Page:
On April 19, 2016, the U.S. Court of Appeals for the Tenth Circuit, in Wasatch Equality, et al., v. Alta Ski Lifts Company, et al., affirmed the lower court’s dismissal of a lawsuit claiming that the U.S. Forest Service, in routinely approving a permit to operate the Alta Ski area in Utah, unconstitutionally discriminated against a group of snowboarders who were banned from using these ski lift facilities by an edict of the ski resort’s operators. Ultimately, the Court of Appeals concluded that “[e]ven if we grant all reasonable inferences in Wasatch’s favor, the pleaded facts at best establish that each year the Forest Service—with knowledge of the snowboard ban—reviews and approves Alta’s site plan and receives from Alta a usage fee. This isn’t enough to establish state action for purposes of the Fourteenth Amendment.”

Wasatch Equality is a non-profit Utah corporation that is dedicated to “promote equality and harmony among skiers and snowboarders.” However, the Alta Ski Lift Company, which operates the Alta Ski facility pursuant to an annual permit granted by the U.S. Forest Service, has imposed a ban on the use of snowboards at this facility. Wasatch Equality argued that, since the Alta Ski facility requires this federal permit to operate (and the U.S. Forest Service has granted 120 such special use permits), the federal approval which tolerates this ban is a “state action.” It further argued this state action is in violation of the Equal Protection Clause of the Fourteenth Amendment, as applied to the federal government through the Fifth Amendment’s Due Process Clause. According to the complaint, “skiers and snowboarders have harbored animosity and hostility towards one another since the snowboard’s introduction.”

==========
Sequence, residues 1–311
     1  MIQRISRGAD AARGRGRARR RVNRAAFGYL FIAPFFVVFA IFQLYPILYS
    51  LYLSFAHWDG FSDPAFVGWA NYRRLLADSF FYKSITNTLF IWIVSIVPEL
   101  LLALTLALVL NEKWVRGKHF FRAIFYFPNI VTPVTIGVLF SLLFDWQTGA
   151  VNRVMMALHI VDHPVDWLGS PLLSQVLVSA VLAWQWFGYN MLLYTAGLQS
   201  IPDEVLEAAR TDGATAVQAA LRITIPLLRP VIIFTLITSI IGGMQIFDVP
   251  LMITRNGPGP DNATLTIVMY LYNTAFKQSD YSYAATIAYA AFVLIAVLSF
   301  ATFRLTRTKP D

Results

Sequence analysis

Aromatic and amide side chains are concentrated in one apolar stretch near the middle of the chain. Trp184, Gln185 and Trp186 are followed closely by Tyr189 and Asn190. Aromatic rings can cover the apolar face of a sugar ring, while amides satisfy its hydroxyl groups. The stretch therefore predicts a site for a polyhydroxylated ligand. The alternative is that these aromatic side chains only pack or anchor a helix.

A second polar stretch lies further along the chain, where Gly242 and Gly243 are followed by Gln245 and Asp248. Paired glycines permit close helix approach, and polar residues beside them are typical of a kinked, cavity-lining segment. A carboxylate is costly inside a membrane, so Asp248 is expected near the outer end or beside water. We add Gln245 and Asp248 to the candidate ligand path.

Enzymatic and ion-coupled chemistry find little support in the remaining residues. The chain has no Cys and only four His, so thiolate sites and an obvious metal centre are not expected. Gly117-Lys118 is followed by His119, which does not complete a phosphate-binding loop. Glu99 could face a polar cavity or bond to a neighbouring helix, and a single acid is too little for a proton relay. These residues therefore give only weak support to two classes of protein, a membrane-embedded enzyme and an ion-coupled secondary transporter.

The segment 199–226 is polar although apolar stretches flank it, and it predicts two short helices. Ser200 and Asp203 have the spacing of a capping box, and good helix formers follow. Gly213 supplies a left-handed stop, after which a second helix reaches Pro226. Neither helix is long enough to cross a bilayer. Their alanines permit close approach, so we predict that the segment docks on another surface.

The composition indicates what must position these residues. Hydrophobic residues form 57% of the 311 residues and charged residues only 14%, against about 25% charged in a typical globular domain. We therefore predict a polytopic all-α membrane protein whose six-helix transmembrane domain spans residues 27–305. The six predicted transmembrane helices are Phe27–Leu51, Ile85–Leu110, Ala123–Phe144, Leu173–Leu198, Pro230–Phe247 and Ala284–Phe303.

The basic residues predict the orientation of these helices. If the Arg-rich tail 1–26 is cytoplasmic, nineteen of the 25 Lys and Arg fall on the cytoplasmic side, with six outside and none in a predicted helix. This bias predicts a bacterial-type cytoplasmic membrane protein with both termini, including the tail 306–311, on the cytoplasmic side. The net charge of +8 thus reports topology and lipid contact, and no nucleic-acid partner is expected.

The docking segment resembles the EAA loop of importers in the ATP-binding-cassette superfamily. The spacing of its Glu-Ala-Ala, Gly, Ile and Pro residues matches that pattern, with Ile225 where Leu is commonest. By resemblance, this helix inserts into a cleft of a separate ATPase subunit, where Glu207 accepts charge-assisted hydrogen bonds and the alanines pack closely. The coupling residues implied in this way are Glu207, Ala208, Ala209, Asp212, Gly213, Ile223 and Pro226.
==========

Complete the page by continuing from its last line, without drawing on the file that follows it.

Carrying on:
The Court of Appeals agreed with the defendants that the Equal Protection Clause does not apply to this lawsuit because the snowboarding ban imposed by the Alta Ski Lift Company is not “state action,” as measured by the precedents of the Tenth Circuit. The Fourteenth Amendment provides, in part, that no “state” shall deny to any person within its jurisdiction the equal protection of the laws, but Wasatch Equality has not pled facts that satisfy the tests for state action that apply in the Tenth Circuit. At best, the facts alleged by the plaintiffs simply show that each year the Forest Service routinely agrees to renew this authorization for the stipulated fee (usually several hundred thousand dollars each year), and this is not enough to be described as “state action.”